Intermittent theta burst stimulation over right somatosensory larynx cortex enhances vocal pitch‐regulation in nonsingers

@article{Finkel2019IntermittentTB,
  title={Intermittent theta burst stimulation over right somatosensory larynx cortex enhances vocal pitch‐regulation in nonsingers},
  author={Sebastian Finkel and Ralf Veit and Martin Lotze and Anders Friberg and Peter Vuust and Surjo Raphael Soekadar and Niels Birbaumer and Boris Kleber},
  journal={Human Brain Mapping},
  year={2019},
  volume={40},
  pages={2174 - 2187}
}
While the significance of auditory cortical regions for the development and maintenance of speech motor coordination is well established, the contribution of somatosensory brain areas to learned vocalizations such as singing is less well understood. To address these mechanisms, we applied intermittent theta burst stimulation (iTBS), a facilitatory repetitive transcranial magnetic stimulation (rTMS) protocol, over right somatosensory larynx cortex (S1) and a nonvocal dorsal S1 control area in… 

Top-Down Inhibitory Mechanisms Underlying Auditory-Motor Integration for Voice Control: Evidence by TMS.

The dorsolateral prefrontal cortex (DLPFC) has been implicated in auditory-motor integration for accurate control of vocal production, but its precise role in this feedback-based process remains

Singing training predicts increased insula connectivity with speech and respiratory sensorimotor areas at rest

Results indicate enhanced bilateral insula connectivity in singers relative to non-singers with constituents of the speech sensorimotor network in both hemispheres and suggest that singing experience enhances the integration of somatosensory information within the speech motor system.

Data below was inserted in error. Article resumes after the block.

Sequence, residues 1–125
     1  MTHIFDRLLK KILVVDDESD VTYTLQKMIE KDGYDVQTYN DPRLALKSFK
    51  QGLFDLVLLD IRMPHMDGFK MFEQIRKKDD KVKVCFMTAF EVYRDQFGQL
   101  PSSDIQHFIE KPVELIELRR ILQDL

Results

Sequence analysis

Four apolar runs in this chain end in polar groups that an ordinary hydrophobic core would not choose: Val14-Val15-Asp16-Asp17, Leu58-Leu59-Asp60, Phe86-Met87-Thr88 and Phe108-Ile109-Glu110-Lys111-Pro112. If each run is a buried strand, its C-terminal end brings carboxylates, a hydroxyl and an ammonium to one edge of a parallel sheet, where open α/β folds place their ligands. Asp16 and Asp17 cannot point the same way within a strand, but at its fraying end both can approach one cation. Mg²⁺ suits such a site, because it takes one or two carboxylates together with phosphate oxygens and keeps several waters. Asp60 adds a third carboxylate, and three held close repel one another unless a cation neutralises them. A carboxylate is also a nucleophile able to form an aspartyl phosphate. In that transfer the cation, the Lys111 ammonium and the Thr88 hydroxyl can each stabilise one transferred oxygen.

Enhanced insular connectivity with speech sensorimotor regions in trained singers: a resting-state fMRI study

The results of this study support the view that the insula plays a central role in the experience-dependent modulation of sensory integration within the vocal motor system, possibly by optimizing conscious and non-conscious aspects of salience processing associated with singing-related bodily signals.

Singers show enhanced performance and neural representation of vocal imitation

It is found that singers showed more accurate task-relevant modulations of speech pitch and VTL during speech imitation; this was accompanied by stronger representation of VTL within a region of the right somatosensory cortex, suggesting a common neural basis for enhanced vocal control in speech and song.

Mapping Human Laryngeal Motor Cortex during Vocalization

Structural and quantitative neuroimaging revealed that myelin content and cortical thickness underlying the dorsal, but not the ventral larynx representation, are similar to those of other primary motor representations.

Two cortical representations of voice control are differentially involved in speech fluency

A weaker structural organization of the ventral laryngeal motor cortical network in developmental stuttering is substantiated and implies that assisted recovery supports neural compensation rather than normalization.